Finding a rundown property, buying it cheaply, doing it up, and then either living there or selling it for a profit is a dream for a lot of people on a low budget that allows them to finally own their own bricks and mortar. If you choose the property wisely, such as buying in a good location and stick to your budget for renovations, this can be a great way to get your foot on the property ladder. However, there are some pros and cons to flipping a home, and it can be hard to know where to start if you’re a first-time buyer.
Where And How To Find a Rundown House To Buy
There are a few ways to find a home in dire need of some TLC. You can search online, talk to estate agents, or looking around for probate properties. A probate property is a house that belonged to someone that has died recently, so this can feel morbid, but is a legitimate strategy.
The first thing you should do is talk to a local solicitor or asset management company to see if they have any probate properties available for sale. In a lot of cases, these properties haven’t been modernised and can be pretty rundown. If you ask, you may find they are selling these properties but you can’t find them online. This could be because they don’t want to include images of these properties in their advertising so they don’t spoil the aesthetic of their website.
The best bet to find a suitable property for your needs and budget is to look around a lot. Finding an affordable home that needs renovation is often a numbers game. The more estate agents, auctions or friends in the sector you have or loot at, the more likely you are to find the right property. As well as this, the more properties you look at, the better you will get at spotting some hidden gems that could turn you a tidy profit. Online property websites or local newspapers are worth looking at, as a lot of homes are listed here. Don’t forget to check specialist sites too, like sites aimed at renovation projects. You can also look for repossessed homes online and buy these at a good price as long as you have the funds available. Another good trick is to look for a property that is ‘off-market’.
It might surprise you to know that are a lot of properties that get sold ‘off-market’. This means they aren’t advertised on property websites. The only way to find out about these properties is usually through a local estate agent or by doing your own detective work to find out who owns a property. If you’ve spotted a property you like the look of that appears to be abandoned, start with the Land Registry website, which can be used to find the current owner, when they bought it, and for how much.
Ex-local authority properties are often a good option for development as they tend to be well-constructed but have often been a little neglected. Buyers should be aware of some restrictions that lenders might have relating to properties like this, esp[ecially concrete builders over a certain number of floors.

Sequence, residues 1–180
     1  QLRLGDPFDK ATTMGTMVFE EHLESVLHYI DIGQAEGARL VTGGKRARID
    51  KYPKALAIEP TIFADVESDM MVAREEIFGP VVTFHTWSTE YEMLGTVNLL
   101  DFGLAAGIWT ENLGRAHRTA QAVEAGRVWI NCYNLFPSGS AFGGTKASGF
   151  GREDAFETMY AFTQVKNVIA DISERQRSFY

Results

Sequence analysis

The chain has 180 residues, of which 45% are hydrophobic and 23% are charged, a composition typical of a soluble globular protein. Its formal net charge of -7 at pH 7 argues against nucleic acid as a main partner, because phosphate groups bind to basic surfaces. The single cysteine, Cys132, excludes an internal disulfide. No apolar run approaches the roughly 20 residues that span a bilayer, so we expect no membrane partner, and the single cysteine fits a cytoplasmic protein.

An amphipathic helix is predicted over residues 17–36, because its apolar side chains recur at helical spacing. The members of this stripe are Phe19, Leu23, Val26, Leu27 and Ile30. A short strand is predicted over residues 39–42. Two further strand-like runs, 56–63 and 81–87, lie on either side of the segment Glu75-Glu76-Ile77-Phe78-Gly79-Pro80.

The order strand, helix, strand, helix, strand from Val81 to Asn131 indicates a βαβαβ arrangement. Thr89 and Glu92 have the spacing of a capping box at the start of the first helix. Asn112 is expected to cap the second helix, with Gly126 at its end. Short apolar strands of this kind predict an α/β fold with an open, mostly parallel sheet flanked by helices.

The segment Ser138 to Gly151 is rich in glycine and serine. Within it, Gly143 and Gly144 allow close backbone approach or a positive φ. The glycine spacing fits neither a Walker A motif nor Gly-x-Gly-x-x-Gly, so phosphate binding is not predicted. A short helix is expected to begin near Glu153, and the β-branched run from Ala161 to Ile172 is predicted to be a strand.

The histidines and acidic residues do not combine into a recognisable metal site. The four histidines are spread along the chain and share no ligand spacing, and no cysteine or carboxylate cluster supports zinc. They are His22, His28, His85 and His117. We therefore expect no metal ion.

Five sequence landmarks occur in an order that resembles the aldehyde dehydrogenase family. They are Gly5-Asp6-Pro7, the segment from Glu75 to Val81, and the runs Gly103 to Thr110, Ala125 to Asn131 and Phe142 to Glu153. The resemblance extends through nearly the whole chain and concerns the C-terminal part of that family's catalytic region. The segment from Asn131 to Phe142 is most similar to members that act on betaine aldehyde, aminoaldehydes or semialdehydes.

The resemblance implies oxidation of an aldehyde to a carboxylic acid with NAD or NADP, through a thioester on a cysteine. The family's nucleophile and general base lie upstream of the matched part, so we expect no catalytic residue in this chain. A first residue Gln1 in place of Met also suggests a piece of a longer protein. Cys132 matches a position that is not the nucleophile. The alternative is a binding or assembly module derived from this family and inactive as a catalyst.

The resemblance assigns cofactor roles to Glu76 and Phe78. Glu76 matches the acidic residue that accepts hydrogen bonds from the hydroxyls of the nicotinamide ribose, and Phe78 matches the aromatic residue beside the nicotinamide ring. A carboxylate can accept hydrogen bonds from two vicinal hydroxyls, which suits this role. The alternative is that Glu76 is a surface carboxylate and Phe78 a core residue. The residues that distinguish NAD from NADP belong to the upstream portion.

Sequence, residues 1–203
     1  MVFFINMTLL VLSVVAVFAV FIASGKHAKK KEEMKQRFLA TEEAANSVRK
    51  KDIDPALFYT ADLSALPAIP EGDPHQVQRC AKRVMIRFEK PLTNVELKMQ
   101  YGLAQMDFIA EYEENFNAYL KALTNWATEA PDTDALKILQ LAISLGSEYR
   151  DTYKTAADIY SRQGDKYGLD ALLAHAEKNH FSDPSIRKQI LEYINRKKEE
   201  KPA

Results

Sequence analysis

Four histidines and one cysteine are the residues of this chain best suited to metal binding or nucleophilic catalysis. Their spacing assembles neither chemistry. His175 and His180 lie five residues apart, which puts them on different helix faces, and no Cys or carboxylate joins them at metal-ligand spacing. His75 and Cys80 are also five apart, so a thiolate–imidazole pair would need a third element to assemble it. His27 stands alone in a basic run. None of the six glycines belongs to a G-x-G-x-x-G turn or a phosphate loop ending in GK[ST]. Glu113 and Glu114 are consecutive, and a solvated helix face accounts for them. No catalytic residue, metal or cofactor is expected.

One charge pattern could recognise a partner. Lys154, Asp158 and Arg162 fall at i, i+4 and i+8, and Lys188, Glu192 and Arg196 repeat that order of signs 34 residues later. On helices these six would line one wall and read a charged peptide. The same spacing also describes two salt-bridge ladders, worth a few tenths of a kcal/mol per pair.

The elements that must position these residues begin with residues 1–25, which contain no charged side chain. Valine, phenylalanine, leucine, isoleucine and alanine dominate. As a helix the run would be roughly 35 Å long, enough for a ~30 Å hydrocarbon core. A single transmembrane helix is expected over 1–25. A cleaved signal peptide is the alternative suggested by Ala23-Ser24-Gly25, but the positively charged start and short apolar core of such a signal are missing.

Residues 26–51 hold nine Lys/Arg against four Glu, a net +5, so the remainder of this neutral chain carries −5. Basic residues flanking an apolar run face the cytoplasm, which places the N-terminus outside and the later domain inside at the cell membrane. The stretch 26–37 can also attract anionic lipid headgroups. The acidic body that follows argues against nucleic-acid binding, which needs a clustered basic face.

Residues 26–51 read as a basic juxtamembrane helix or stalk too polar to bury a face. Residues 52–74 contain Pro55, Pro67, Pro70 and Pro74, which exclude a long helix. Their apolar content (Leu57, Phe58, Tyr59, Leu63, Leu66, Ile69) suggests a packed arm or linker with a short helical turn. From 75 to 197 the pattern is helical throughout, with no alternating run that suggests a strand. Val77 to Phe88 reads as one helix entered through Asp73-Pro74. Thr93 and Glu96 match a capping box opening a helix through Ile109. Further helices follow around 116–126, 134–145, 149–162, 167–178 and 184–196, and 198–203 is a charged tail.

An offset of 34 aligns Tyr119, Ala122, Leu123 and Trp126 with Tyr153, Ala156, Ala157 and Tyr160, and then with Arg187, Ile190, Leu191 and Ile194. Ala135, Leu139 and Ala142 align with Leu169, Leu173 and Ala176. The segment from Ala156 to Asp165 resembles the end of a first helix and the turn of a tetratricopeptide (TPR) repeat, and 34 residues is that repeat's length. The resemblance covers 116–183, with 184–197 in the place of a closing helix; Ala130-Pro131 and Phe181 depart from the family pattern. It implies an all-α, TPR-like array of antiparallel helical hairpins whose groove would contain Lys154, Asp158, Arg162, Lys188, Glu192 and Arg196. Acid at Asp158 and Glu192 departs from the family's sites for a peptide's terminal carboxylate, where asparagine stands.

How To Buy A Property At Auction
Property auctions are also a great way to find a renovation project. They can be a quick way of getting rid of a property, so you will often find a lot of unloved properties are sold this way. Do some research first. Most auction houses should release a catalogue of properties that they have available about a month before the auction takes place. Each home should have a guide price and a reserve price, but these can be changeable up until the day before the sale, so keep updated. You can also put a bid on a property before the auction, but this can be risky. It shows you’re interested, which could push up the price.
Don’t just walk in and put a bid down on the property that looks like the best one. Do your research and read the small print. How much do other properties in the area sell for? How much could you stand to make if you did up the house and sold it or rented it out? Does it have any major issues, like needing termite inspection pest control. Is the property worth it? How does the market look? Will you be able to sell it after you’ve done the renovation work?
Wherever you decide to look for houses to fix up and sell on, you need to have a strategy. A lot of lenders have raised their loan to value thresholds in response to the pandemic, which could make it a bit more difficult to sell on a property after you have put in the work to do it up. The demand for housing isn’t going anywhere, but economic insecurity can still make it harder for sellers. This means you need a strong strategy. Don’t forget to do a full survey on the property and get a legal pack from the seller for your solicitors to check over too.
Pros Of Buying A Rundown Property To Renovate
- You get a blank canvas of a property that you can really put your mark on.
- Not everyone has the vision, time, or desire to renovate a whole property, so it can be less competitive than buying a property that was recently refurbished.
- For those with a lower budget, it can be a good way to get onto the property ladder.
Cons Of Buying A Rundown Property To Renovate
- Some property knowledge is usually needed to better understand the costs involved with a renovation project.
- Renovations are time-consuming and can take up a lot of your time.
- If the renovation project needs a lot of work, you won’t be able to live there, and you might therefore have to rent a property to live in while also paying the mortgage on the property that you’re doing up.